Artist Otobong Nkanga – ‘Imagining the Scars of a Landscape’ | Tate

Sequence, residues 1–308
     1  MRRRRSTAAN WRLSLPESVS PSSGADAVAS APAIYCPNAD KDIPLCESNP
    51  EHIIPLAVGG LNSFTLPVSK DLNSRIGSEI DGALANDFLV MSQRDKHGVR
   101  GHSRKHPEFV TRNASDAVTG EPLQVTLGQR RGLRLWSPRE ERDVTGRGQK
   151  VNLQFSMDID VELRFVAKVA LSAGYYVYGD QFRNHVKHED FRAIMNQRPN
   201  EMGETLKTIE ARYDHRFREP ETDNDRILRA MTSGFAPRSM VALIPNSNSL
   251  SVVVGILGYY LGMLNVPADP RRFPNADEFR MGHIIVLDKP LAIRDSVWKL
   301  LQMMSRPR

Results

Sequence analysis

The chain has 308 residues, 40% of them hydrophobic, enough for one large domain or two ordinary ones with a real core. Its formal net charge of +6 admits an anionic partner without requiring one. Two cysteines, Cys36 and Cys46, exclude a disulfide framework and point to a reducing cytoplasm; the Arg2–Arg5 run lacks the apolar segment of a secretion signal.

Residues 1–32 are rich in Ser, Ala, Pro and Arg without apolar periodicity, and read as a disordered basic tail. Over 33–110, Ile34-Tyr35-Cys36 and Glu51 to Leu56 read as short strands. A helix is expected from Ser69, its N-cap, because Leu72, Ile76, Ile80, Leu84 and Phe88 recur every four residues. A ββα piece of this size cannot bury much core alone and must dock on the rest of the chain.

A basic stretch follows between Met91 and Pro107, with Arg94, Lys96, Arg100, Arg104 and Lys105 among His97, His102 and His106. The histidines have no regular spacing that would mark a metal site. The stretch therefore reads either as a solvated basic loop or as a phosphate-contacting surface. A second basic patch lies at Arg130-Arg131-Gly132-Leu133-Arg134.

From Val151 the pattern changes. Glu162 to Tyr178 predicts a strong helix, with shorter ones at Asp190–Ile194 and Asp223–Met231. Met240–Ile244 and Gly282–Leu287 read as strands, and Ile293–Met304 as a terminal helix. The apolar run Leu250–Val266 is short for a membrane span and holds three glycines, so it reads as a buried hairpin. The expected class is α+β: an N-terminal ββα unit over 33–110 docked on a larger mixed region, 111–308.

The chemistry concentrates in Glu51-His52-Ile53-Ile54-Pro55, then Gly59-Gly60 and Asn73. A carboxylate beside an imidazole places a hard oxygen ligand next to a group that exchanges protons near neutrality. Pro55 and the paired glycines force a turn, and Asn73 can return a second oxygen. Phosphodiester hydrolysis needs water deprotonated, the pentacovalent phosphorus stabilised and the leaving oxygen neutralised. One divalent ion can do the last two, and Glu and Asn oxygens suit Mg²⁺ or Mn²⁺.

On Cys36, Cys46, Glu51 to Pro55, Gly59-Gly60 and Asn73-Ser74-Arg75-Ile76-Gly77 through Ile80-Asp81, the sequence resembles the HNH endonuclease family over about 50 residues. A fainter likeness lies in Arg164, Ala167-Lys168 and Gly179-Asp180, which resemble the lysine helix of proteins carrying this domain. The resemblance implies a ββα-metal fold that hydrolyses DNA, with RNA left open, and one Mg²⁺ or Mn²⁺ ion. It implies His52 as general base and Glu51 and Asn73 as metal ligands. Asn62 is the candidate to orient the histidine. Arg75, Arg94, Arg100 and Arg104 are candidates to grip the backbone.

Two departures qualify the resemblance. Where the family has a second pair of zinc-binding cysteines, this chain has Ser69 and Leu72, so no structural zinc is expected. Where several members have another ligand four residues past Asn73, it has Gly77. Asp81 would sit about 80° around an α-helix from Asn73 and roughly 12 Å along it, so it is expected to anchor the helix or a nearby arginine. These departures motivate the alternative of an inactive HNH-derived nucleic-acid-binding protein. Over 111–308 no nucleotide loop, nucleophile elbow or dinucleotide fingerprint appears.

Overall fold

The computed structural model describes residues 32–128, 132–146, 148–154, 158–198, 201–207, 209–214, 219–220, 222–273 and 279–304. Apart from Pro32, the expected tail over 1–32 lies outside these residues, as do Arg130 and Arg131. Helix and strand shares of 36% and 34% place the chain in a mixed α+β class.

My name is Otobong Nkanga I am a visual artist, also a performer I’m interested that the work can talk about the body can talk about the landscape can talk about multiple ways of understanding how we can be here together I remember when, as a kid we lived in Yaba, in Lagos we normally used to just walk to school the sun would be coming up the nice thing was that we’d see the roads glistering with mica on the ground This is in ’80s with Diana Ross and the moment of glitter and glimmer I imagined myself being one of these Boney M ladies which is weird and have the mica on the skin it’s something that is actually used in make-up and I used to play with it and rub it on my skin on the dark skin it really glitters it really comes out and with the sun you would play with it and flicker your hands from left to right and see it shine it’s not enough, it’s not enough I need to hear more, I need to hear more I think that the performative aspect of it has always been there I think performance allows for something much more physical that the drawings, or let’s say the sculptures, does not allow It’s a different way of engaging with a public or with when I talk about public, my public could be the sea could be the mountain, could be a people could be a tree and so the performance becomes crucial because you can really sense the emotion live I wanted to erase the head because the head had too much information we would look at the nose, or your lips are too big or you’re this and that it would bring in that notion of maybe race it was just too much, because I was like trying to make a drawing and while trying to make that drawing, all these questions were coming up and I was just like, “Okay. I’ll just cut off the head.” that was simple, head out now, what I was interested in was gesture the action of doing, of making, of movement really focusing on what we do and how we do things how we work for me, that connection with the body rooted, almost like a tree within a place was also to try to think that the rootedness does not necessarily connect to geographically being in a place it’s not about just your nationality, but it’s about the land if we do not take care of that then it will not be able to give us the things that we need the Weight of Scars was done in 2015 so, visiting the Tsumeb Mine which is one of the oldest mines in Namibia and seeing this hole and this dent in this space was quite emotional and quite hard to look at it I wasn’t just looking at the holes but thinking, how many people have been digging this going in to the shafts and the heat of that shaft because when I entered into the tunnels and the heat in that tunnel, you can’t imagine you’re imagining the kinds of scars the mental scars, emotional scars the scars of a landscape and these were the thoughts that I had when I was making the textile work these were mines that were dug by local people before the Germans came in, the Namibians, the Ovambo people would actually carve out and take out the minerals that they needed and so, when I visited Tsumeb you realise that it’s a space that has been blown up with dynamite I understood the difference between how technology changes the way we extract it made me realize the kinds of tools that we’re using and how we’ve accelerated that process of destruction, of scarification, of wounding then we can imagine what has happened in places that have been colonized people coming into a place and changing completely that structure of things and that repercussion is still happening today and, I think one thing I would like to talk about was the notion of dependency and addiction and when you see that we’re going through the crisis we’re going through today and the kinds of scars we have in our landscape how come we’re not able to be able to make very big decisions about reducing certain things that we do? there is a kind of psychological state in which we are all and I am also part of it we are drug addicts in a way and the drug is the resources if we start thinking in such a way that we’re that connected and that we are also part of elements that are in the soil we will maybe think of the way we work within our landscape differently music or working with instruments have always been part of the family but, one of the things that was very important was that we used to sing in church so you learned how to sing with a group of people you learned how to have different voices I feel that with music, you’re able to go beyond where the visuals don’t talk Tsumeb is one of the places that had the most minerals in the world over 260 minerals in one cluster of a place most of the names would be from the Europeans that came into the lands and then, in quotes, “discovered” the minerals when I was standing in front of this mine I made a song for the mine and performed for the mine but I kind of I call out the names of the minerals talking to the mine and asking it what was its name but of course, I don’t get an answer but at least I’m also appeasing it that I’m sorry that your names have been changed it’s interesting to understand the transformation of language of a place when meanwhile, it had another name it had another language connected to it the work Delta Stories which is a series of 18 drawings is inspired from the writings or the work of Ken Saro Wiwa and he was talking about him fighting with the government and also with Shell and about the pollution of the landscape this has been happening since the 1970’s where the oil spills were in the landscape the voice of Ken Saro Wiwa was silenced because he was put in jail and also killed even though he was trying to stand for something that would benefit his people it was a way of talking about, how can you have multiple voices multiple ways of narration so, it’s not just one way I think my work is to understand how are we connected how are our histories connected for me, it’s important to go beyond only talking about a social or political but to enter into a place that the emotional talks more and more I think all the works that have been made should be a way of bouncing and opening up ways of thinking for different people so, I hope the work does that that it can connect the spaces in between of places that are going through crisis and to be able to understand how to be able to live within this, or find solutions within this I hope, but you never know